Austria faces a stark choice on Sunday, just as it did in May when left-leaning Alexander Van der Bellen and the far-right’s Norbert Hofer last faced off to become the country’s president.
Then, Van der Bellen won, but only narrowly, and with the vote later annulled due to counting irregularities, they are doing it all over again.
Wrapping up his campaign in a speech to supporters in Vienna on Friday, the former Green Party leader who is running as an Independent, stressed the extent of what is at stake.
Van der Bellen said the election is “not only about two people. It is also about the direction in which our country will go”.
With the race too close to call, his rival, running on an anti-immigration platform, could become the first far-right head of state in a European Union country.
Norbert Hofer is counting on Austrians to make him the first far-right head of state in post-World War II Europe https://t.co/xeRifTyHyL— The New York Times (@nytimes) 30 novembre 2016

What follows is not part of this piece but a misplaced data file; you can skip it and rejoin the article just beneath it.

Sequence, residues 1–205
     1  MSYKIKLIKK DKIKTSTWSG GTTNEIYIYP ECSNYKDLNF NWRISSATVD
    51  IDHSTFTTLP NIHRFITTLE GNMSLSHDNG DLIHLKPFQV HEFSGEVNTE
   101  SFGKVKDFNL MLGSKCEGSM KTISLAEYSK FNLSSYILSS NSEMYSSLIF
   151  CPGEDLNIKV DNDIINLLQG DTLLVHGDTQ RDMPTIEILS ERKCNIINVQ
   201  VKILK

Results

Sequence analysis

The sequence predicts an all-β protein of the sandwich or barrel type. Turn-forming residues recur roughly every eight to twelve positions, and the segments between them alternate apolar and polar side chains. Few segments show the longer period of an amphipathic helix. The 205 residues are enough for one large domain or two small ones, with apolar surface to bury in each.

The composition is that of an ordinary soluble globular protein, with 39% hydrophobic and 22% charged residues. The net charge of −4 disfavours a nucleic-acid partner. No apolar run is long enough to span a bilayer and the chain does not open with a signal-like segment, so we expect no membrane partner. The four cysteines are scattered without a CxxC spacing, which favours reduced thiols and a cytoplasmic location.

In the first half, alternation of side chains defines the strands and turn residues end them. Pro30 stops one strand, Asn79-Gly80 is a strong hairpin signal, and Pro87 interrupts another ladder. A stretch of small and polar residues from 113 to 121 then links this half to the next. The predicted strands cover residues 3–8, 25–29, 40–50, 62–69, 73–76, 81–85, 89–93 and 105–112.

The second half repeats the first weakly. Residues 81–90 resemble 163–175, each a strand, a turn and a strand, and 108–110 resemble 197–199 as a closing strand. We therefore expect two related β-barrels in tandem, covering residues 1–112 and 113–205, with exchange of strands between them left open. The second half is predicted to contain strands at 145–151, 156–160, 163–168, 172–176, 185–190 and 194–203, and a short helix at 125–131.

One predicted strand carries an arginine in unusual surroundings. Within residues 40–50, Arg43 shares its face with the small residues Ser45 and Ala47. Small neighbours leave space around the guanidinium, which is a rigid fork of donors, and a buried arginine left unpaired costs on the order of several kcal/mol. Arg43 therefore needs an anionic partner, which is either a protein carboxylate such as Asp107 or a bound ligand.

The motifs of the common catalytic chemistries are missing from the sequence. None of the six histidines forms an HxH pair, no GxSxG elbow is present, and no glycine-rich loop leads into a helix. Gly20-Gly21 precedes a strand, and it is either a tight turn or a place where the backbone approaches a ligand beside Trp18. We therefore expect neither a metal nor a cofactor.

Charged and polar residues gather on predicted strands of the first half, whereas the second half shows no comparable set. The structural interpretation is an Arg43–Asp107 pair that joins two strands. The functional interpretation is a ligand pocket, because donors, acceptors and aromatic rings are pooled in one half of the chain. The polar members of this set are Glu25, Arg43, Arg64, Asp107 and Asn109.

Hofer, of the Freedom Party, has however pulled back from an initial suggestion that Austria could follow Britain’s vote to leave the EU by holding a referendum of its own.
“I get asked by a lot of media representatives, ‘Will Austria quit the European Union?’ No. Austria’s duty as a country in the middle of Europe is to develop this union,” Hofer told his final campaign rally in the Austrian capital.
The suspense couldn’t be greater as Van der Bellen tries to stem the tide of anti-establishment populism sweeping Europe and the United States.
But, given the trend – and talk of a so-called Trump effect – Hofer will be hoping the largely ceremonial presidency is now well within reach.
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